Are you prepared to cope with the next disaster that comes along? Even when there is no loss of life, it can be very difficult for anyone to fully recover mentally and physically. Having electronic records and well thought out contingency plans could make a big difference in recovery. They help even in the best of times.
Imagine coming home from work one day and seeing what was left of your home surrounded by fire trucks and rescue workers. Or you smell gas and start through the front door just as the entire place explodes. Or there is a damaging storm, flood, forest fire, or earthquake. Every one of these things is not likely to happen to any single individual. However, over a person’s lifetime, probabilities add up, something serious could happen and we could lose everything. Some people are luckier than others. In addition, many people experience nuisances such as lost or stolen wallets, passports, credit cards or car keys at one time or another. These loses can happen away from home and in a foreign country. Although minor by comparison, until we get caught up in any situation, it can be difficult to understand their impact and realize the trouble and inconvenience they cause. It wastes a lot of time.
A woman in Missouri lamented as she stood in the ruins of her home. It had been rebuilt after being destroyed in an earlier storm only to happen again. She had just moved back in the week before. Someone else had a laptop stolen at a business conference and did not have their files backed up. Between Acts of God, carelessness and deliberate acts, many disruptive things happen. Imagine the bureaucratic nightmares that occur along with the pain and suffering. Being better prepared gets lives back together faster and easier.
Facing reality, if it were necessary to evacuate a home and never return to it again, it is highly unlikely that anyone could take along everything that would be needed. Without records it would be virtually impossible to substantiate insurance claims or establish a person’s identity. What if someone needed to be taken to a hospital and get help from a doctor who was not familiar with their case. How long would it be before they could be assessed and treated if they did not have a health record? Delay costs lives. Wouldn’t it be better if records were electronic and fit in someone’s pocket rather than in boxes of paper that had to be left behind?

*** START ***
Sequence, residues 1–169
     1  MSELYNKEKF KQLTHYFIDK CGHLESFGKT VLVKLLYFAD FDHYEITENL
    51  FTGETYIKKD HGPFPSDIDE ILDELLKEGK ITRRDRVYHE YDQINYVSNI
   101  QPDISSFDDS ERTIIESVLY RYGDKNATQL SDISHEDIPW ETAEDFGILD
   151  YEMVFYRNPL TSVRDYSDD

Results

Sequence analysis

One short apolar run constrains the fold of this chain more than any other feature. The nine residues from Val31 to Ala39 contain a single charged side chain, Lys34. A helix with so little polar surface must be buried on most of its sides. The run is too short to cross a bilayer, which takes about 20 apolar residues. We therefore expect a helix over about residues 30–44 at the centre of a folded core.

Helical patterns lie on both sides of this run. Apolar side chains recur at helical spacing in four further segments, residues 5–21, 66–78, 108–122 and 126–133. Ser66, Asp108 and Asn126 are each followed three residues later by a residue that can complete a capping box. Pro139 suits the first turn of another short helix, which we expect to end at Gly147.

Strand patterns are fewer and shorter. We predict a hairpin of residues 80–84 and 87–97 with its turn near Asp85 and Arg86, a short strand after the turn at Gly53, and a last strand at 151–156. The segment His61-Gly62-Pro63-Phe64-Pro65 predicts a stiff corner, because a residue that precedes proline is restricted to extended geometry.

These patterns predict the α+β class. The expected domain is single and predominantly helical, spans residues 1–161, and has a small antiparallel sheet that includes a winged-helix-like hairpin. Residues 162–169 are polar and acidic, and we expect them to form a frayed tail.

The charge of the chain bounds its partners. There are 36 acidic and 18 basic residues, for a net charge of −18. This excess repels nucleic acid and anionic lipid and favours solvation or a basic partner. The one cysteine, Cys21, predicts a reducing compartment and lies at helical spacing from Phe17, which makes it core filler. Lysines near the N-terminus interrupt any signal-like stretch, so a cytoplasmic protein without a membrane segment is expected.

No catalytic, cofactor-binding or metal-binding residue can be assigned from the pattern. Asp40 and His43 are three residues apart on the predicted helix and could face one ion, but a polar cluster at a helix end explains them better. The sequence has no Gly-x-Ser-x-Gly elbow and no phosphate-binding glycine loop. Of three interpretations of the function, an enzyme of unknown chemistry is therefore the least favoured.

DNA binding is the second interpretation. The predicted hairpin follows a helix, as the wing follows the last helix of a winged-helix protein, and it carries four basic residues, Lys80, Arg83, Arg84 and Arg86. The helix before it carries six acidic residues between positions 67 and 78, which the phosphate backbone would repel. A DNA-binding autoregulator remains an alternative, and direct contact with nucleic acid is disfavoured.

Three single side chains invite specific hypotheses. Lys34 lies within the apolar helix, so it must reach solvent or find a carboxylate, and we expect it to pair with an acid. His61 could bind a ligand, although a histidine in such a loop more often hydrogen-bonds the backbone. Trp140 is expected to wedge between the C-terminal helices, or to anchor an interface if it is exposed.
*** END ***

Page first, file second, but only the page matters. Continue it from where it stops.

People often lose everything they own when homes, neighborhoods and even whole towns are destroyed in fires, storms, earthquakes and floods. The recovery process is often long and painful. The last thing someone needs is bureaucratic red tape when they have already suffered enough. Nevertheless, minor discrepancies in paperwork invite bureaucratic nightmares. Whether information is missing, incomplete, inaccurate or simply does not match, even a typo that was made many years ago can be hard to change. The rules of the game have changed, and we need to be able to substantiate who we are and everything about us. Digital records that we carry with us or are backed up in “the cloud” make data available when and where it is needed.
Even if paper records are not destroyed, they deteriorate over time. Sorting through a shoe box for something and finding that it has become faded and is no longer readable can be pretty frustrating. Conversion to electronic records is a big improvement. Although it takes time, gradual steps make a difference right away and not everything will need to be converted.
We recommend the following.
1. Start by preparing basic contingency plans. When calamities strike, being ready to address them is essential. Plans can always be improved.
2. Collect and save electronic files instead of paper ones, whenever possible. Digital records provide convenience and portability. Electronic records are easy to create when work is done a little at a time. They are easy to search. For example, include a list of phone numbers to call for help, a copy of a driver license or passport, a list of account numbers and instructions to access them on-line, copies of family photos, receipts, certificates, wills, powers of attorney, insurance policies, deeds, and tax returns.
a. File records chronically by subject. They can always be reorganized.
b. Use file types such as PDF that can be read by anyone’s computer, tablet or smartphone.
3. Create and include a consolidated, organized, digital summary of your health history. It will help you to get in the habit of keeping electronic records, provide peace of mind, and enable professional caregivers to get up to speed quickly so they can help you when it is needed. Use Lifelong Personal Health Record software (http://www.lifelongphr.com/) to store your data and create the summary.
4. Backup Important Files. In addition to having master copies on a personal computer where you can control and protect your data, backup electronic files using an encrypted Internet service and put copies on small portable devices such as smartphones, flash drives, tablets, bracelets and medallions for easy access. Security is important to avoid worry about what someone else is doing with your data.
Not a Do-It-Yourselfer? Contact us for assistance.